Math of Weight Loss

math of weight lossNew research has shown that the current weight loss ‘rule of thumb’ of cutting daily caloric intake by 500 calories is not enough for continued weight loss. People have used this rule of thumb for how to lose weight for decades and it turns out to be flawed because it doesn’t take into account metabolic changes that take place when people change their diet. To get a more accurate prediction of how much weight an individual will lose on a specific diet and exercise regime, as well as to better understand the physiology of weight loss, scientists are now using mathematics.

The old rule of thumb is overly optimistic, as it doesn’t take into account metabolism slowing during dieting. Researchers at the National Institutes of Health have now come up with a formula that accounts for height, weight, age and physical activity level to better predict how much weight an individual may lose on a diet and exercise plan. From their research, they also came up with a better rule of thumb for weight loss: Cut 10 calories per day from your diet for every pound you want to lose over a three-year period.  This means that if the goal is to lose 10 pounds over 3 years, 100 calories would need to be cut per day. The researchers noted that half of the weight loss would occur over the first year and to shed more weight after the three-year increment, calorie intake would need to be further reduced.

Researcher, Kevin Hall, explained that the new model might help policy makers understand the impact of public health measures on the obesity epidemic. For example, an estimate of the result of a 20% tax on sugary beverages predicted that the tax would lead to a 50% decrease in the number of overweight people in America in five years. While, according to Hall, the new model predicts approximately a 5% decrease in the percentage of overweight people in the same time period. Currently, the model is intended only for use by physicians and scientists. The research was presented at the annual meeting of the American Association for the Advancement of Science last month. You can read more about the math behind measuring body weight here, in an article about potential alternative measurements to Body Mass Index (BMI).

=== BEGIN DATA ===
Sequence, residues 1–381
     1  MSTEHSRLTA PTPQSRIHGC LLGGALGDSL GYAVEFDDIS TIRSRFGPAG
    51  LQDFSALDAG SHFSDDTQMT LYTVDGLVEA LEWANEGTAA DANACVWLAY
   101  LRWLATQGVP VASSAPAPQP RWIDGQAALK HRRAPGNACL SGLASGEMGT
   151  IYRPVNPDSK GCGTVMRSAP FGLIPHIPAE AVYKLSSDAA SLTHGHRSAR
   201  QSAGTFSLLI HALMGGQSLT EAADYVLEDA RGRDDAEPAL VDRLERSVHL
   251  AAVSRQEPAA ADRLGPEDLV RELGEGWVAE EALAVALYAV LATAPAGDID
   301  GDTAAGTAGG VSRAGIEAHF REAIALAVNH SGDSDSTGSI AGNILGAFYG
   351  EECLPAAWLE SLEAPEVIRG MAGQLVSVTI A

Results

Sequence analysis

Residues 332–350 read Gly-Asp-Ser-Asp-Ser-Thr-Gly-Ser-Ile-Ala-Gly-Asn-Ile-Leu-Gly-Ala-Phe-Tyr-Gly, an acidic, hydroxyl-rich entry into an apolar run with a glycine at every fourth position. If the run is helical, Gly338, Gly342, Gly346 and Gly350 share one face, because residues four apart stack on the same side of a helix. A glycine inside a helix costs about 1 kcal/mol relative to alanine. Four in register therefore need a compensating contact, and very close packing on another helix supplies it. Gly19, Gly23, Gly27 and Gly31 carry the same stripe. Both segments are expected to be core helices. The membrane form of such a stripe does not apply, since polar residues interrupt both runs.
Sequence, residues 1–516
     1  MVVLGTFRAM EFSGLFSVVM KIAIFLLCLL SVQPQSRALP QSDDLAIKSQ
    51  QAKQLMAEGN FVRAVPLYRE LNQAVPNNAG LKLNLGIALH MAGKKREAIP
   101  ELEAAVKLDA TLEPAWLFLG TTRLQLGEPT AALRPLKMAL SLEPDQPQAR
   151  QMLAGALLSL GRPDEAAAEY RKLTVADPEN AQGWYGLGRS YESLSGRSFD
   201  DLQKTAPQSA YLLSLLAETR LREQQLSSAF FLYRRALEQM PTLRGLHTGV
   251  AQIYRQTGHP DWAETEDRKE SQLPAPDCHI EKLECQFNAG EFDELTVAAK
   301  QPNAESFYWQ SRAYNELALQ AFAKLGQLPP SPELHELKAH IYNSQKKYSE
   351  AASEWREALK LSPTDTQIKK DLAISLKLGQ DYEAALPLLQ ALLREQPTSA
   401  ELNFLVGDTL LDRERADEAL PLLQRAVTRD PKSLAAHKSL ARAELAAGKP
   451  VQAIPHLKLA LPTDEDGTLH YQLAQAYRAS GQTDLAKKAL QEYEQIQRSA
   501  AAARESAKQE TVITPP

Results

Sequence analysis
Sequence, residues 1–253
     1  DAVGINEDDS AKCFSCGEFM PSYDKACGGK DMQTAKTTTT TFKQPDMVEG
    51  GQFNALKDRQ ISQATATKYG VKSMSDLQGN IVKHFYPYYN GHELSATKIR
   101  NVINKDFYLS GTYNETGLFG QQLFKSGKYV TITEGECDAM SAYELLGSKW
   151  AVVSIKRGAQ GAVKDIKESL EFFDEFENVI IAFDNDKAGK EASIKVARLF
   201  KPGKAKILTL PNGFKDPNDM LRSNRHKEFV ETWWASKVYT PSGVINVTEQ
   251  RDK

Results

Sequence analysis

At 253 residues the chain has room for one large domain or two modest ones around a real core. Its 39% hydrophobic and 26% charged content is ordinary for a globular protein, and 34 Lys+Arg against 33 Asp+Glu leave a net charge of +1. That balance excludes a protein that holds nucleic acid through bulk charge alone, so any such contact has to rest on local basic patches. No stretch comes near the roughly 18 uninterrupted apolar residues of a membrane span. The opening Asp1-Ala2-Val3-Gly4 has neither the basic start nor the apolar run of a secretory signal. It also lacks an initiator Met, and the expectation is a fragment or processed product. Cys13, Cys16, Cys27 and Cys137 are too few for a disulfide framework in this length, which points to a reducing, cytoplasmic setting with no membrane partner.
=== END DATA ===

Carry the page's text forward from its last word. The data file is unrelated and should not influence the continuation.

Expert bariatric surgeon, Dr. Gregory Walton of the WeightWise Bariatric Program, commented on the new research. He said, “The researchers at the National Institutes of Health are using predictive math to objectify what doctors treating obesity have subjectively experienced for years:  Dramatically chasing calories down as a method of weight loss is fraught with eventual failure.  The laws of thermodynamics seemingly make the weight-loss equation simple:  calories in < calories out = weight loss.  The problem:  our body’s metabolic engine is not a constant calorie burning machine; in fact the rate of burn varies in response to the energy intake, the composition of the intake, the timing of the intake, environmental factors and hormonal factors.  Another nebulous (but very important) factor in the undermining of simple thermodynamics is hunger. Dramatically lowering calorie intake stimulates hunger.  Support in the literature exists:  hunger hormones rise in response to continued calorie lowering.”

Dr. Walton explained that “at the end of the day, obesity is a disease of inappropriate hunger in the face of excessive calorie storage.  Applying logic then, chasing hunger down (instead of calories) is potentially a more successful goal.  Unfortunately abnormal hunger is a multifactorial disease state with biological, psychological and sociological contributions.  We have learned from weight loss surgery:  the psychosocial hunger is not the predominant factor in the disease of obesity (as popular belief holds); instead, the biologic hunger apparently overwhelms the psychosocial hunger in the obese population.  Post op weight loss surgery patients have dramatic decrease in hunger immediately after the operation, supporting biologic hunger as the main culprit to ineffective weight loss.” Dr. Walton concluded that it would be hard to imagine a better use of resources than investing in prevention and treatment strategies for obesity, as obesity is the root cause of up to 30 other diseases.  “If current trends hold, the physical . . . and the financial health of the country may well depend on the prevention and treatment of obesity,” he concluded.

Comments are closed.